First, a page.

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Enninful becomes Chief Editor of Vogue

The vacancy has been filled. The CEO and Chairman of Condé Nast International has confirmed the appointment of Edward Enninful as the new Editor-in-Chief of British Vogue. Enninful will succeed matriarch, Alexandra Shulman. She is the longest serving Head of the publication after 25 years. An unexpected pick, but endlessly exciting.

The rumour mill has been abuzz for the past 3 months on who would be next to take the throne. The fashion community have been hedging their bets, notably either on Katie Grand, the founder of LOVE magazine, Dame Natalie Massenet, founder of Net-A-Porter and outgoing Chairwoman of the British Fashion Council, or Emily Sheffield, the Deputy Editor of Vogue, who is also the Associate Digital Director and sister-in-law of former Prime Minister, David Cameron. But in an unforeseen and unprecedented move that breaks a white and debatably reverse-gendered ceiling, the first ever male and person-of-colour is preparing to take the helm.

Edward Enninful was born in Ghana but grew up in Ladbroke Grove in West London. He emigrated together with 5 siblings, Dad, an army officer, and Mum, a seamstress, as a young child. At 16, he first stepped into the fashion sphere working as a model after being scouted by stylist, Simon Foxton, on a train. Soon after he became an assistant at i-D magazine while juggling a degree at Goldsmiths University, at 18 became Fashion Editor and at 19, Fashion Director. Still a teenager, Edward Enninful had become the youngest Director in the history of a major fashion publication.

Since then, his imagery has appeared at the forefront of numerous ad campaigns for luxury designer brands. Among them count Dior, Armani, Calvin Klein, Dolce & Gabbana, Mulberry, Hugo Boss, Fendi, Valentino, Missoni and Gucci. In 2014, he received the Isabella Blow Award for Best Fashion Creator at the British Fashion Awards. And in 2016, Enninful was recognised by the British monarchy, collecting an OBE for his services to promote diversity within the fashion industry.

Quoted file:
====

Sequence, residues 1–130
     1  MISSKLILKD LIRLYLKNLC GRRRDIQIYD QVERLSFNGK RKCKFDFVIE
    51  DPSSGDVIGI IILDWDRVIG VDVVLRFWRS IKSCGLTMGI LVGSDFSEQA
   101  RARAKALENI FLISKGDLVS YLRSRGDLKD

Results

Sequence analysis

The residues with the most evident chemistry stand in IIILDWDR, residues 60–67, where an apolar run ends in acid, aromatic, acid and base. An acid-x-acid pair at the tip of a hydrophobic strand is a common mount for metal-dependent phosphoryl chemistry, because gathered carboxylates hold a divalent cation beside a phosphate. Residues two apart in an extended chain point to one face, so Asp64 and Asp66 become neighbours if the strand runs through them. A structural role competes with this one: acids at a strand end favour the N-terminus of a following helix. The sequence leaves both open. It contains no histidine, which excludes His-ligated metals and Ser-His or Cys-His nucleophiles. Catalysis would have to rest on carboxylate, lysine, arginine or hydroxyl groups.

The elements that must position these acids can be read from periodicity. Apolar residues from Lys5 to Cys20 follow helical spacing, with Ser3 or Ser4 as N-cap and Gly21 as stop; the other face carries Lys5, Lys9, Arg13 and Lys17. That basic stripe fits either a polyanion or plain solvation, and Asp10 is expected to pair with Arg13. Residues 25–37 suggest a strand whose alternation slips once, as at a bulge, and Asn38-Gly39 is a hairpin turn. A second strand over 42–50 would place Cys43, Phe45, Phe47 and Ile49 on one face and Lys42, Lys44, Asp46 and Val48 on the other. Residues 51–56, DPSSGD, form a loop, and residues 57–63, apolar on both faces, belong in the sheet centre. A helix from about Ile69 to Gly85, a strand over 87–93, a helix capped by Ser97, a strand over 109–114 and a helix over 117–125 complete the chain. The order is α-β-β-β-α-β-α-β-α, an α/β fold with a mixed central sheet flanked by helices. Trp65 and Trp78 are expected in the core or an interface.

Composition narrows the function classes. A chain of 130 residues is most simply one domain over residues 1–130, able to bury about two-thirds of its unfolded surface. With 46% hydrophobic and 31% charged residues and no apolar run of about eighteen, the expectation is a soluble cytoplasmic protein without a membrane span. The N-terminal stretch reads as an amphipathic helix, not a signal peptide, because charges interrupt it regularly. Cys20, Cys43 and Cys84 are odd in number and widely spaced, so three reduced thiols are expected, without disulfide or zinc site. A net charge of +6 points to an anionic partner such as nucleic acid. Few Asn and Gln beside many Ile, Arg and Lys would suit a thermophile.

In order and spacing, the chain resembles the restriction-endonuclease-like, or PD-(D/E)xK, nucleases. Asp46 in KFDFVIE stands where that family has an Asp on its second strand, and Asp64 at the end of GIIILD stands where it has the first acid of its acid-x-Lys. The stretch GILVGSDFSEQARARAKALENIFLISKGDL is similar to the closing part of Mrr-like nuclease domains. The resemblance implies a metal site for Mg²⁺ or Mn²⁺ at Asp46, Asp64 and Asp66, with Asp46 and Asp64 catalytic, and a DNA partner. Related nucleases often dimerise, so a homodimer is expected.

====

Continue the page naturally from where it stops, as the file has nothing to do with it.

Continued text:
For example, he recently published ‘I am an immigrant’ on, where Enninful currently serves as Fashion and Creative Director. As reviewed here, the video was an upbeat fashion response to an otherwise demoralising present state of political affairs. He also styled Belle Vere, an editorial for Italian Vogue which used plus-sized models only. However, it was the arrival of Italian Vogue’s Black Issue on newsstands that showcased the pioneer at his best. Produced in collaboration with the late, former Editor-in-Chief, Franca Sozzani, and world-renowned photographer, Steven Meisel, the Black Issue exclusively featured black models such as Naomi Campbell, Alex Wek, Jourdan Dunn, Chanel Iman, and stories of women in arts and entertainment of Afro-Caribbean descent.

The public reception was astounding. Despite the initial skepticism of the fashion ecosystem, the Black Issue broke publication records. It became the highest-selling edition of Italian Vogue, sold out in the UK and was reprinted to allow those pipped to the post another chance to purchase a copy. It demonstrated indisputable, numerical evidence of the beauty and commerciality of models of colour, challenging casting agents to reconsider the white-is-always-right approach.

In addition to Enninful’s monumental efforts towards the diversity agenda, with his roots in styling, he is predicted to soon take British Vogue on a more visual, image-led path than his predecessor, Shulman, a writer at heart.

Enninful will assume his position as Chief Editor of Vogue on August 1st 2017 and I feel exhilarated by the prospect of the magazine embracing an edgier, modern and multicultural perspective, overdue but on the horizon at last.

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